Guliani & Paul repeat stance on guns
In the debate last night:
GOLER: Mayor Giuliani, Senator Fred Thompson -- and we do wish he was here -- says the Virginia Tech tragedy might have been lessened if some of the students had been allowed to carry guns. He also says that...
He also says he never felt safe in your city because of its gun control laws. What do you have to say to him about either of these assertions?
GIULIANI: Well, I would say to him the FBI would disagree with that. New York City was, during the years that I was mayor, the safest large city in the United States. In fact, in 2000, which was one of the last years that I was mayor, it was 191 for crime in the country.
For example, in Boston, there was a 59 percent greater chance you'd be the victim of a crime than in New York City. In many other cities, there was 100 to 300 percent greater chance that you'd be a victim of a crime than in New York City.
One of the things I accomplished as mayor of New York City was the impossible.
GIULIANI: I took a city that was the crime capital of America, and I made it not only the safest large city in America, I made it safer than 189 small cities. So, I mean, people have their right to their own feelings. The reality is, you were safer in New York than just about any other city in the United States after I was mayor for about three or four years.
GOLER: And the idea of letting college students carry weapons?
GIULIANI: I think states have a right to decide that. I mean, states have a right to decide their gun laws. The second amendment grants you the right to bear arms.
We have a federal system. A lot of these issues work in America where we have people of different views and different conscience because we are a federal system. We allow states to make different decisions.
The focus of our laws should be on criminals. That's what I did in New York City. I reduced shootings in New York City by 75 percent. And I did it by focusing not on guns but on criminals. Putting them in jail, putting them in jail for long periods of time when they committed crimes with guns, and it worked.
GOLER: Congressman Paul, another gun issue for you, if you will. You have said that the 9/11 attackers might have had second thoughts if they'd felt that some of the passengers aboard the airplanes might have been armed.
We have seen airplanes -- airflights diverted because people heard Arabic on planes, because they heard Muslims praying. What do you think it would do to the travel industry of this country if passengers felt others were carrying guns aboard, sir?
PAUL: Well, first off, you're quoting me incorrectly.
GOLER: I'm sorry.
PAUL: I said the responsibility for protecting passengers falls with the airline, not the government -- not the passengers. The airline's responsible for the aircraft and the passengers.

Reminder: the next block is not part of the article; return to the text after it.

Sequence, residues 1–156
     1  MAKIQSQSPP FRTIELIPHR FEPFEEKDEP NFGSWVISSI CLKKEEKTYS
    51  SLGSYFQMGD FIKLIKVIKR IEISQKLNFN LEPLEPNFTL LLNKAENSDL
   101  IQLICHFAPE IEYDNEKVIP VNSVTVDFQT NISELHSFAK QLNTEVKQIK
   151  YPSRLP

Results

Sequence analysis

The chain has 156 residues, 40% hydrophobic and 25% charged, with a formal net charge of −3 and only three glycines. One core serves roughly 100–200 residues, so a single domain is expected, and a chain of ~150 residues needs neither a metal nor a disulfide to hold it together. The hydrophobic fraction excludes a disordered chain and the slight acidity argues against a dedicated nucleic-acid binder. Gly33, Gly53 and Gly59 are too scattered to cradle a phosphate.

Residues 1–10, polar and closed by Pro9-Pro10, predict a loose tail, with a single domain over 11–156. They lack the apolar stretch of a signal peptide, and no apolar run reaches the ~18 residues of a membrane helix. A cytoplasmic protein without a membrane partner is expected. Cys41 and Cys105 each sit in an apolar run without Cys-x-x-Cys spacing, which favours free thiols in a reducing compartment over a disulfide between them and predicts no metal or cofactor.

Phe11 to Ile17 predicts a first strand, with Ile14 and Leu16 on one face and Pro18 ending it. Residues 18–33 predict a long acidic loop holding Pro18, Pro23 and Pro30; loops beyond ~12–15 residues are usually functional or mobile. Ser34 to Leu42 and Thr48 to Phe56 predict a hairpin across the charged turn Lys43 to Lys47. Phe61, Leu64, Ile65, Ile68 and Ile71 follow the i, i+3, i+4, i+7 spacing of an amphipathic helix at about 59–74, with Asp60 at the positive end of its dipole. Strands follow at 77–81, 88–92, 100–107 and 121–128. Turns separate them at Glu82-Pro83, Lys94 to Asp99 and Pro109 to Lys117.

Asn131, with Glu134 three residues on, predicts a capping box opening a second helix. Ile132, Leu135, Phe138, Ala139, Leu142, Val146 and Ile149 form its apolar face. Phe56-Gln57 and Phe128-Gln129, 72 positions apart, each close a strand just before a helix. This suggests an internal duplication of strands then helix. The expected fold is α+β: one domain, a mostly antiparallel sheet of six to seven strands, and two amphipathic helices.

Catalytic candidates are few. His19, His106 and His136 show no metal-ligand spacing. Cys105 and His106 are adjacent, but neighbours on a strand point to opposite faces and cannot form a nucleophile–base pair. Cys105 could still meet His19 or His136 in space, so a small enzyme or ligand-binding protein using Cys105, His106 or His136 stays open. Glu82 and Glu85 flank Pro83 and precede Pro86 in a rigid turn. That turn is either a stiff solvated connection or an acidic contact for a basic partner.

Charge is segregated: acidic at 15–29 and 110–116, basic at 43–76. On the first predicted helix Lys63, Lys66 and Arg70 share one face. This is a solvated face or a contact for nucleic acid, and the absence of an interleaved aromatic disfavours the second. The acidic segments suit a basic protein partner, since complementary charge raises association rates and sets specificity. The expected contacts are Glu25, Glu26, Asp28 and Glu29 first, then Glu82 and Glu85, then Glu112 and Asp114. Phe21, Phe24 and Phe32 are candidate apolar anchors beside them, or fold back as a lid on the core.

If we wouldn't have been dependent on the federal government to set all the rules, which meant no guns and no resistance, then the terrorists may well have had second thoughts, because the airlines would have had the responsibility.
PAUL: But we assumed the government was going to take care of us. After 9/11, instead of moving toward the direction of personal responsibility and private property and second amendment, we moved in the opposite direction. We turned it over to the federal government. And look at the mess we have now at airports.
I mean, the airlines -- private industry protects their property all the time. People who haul around money in armored trucks protect their money all the time. But here is one example when the federal government was involved and they messed it up, and if we put the responsibility on the right people, respected the second amendment, I sincerely believe there would have been a lot less chance of 9/11 ever happening.
Hmm... Guliani's pitch could be interpreted as (1) "I believe in the Second Amendment, but don't believe the 14th Amendment incorporates that as against the States, so States are free to experiment but the Feds are not," or (2) "I believe in the Second Amendment, but in a version of that that leaves government free to pass whatever laws it wants anyway." I tend to suspect version (2) is the one intended here.
At a policy, rather than constitutional, level, one would have to ask: if states should be free to experiment, would you favor repeal of a fair portion of GCA 68 -- e.g., the prohibited person categories -- in favor of a provision that simply says no person shall sell a firearm to someone prohibited by state law to have it.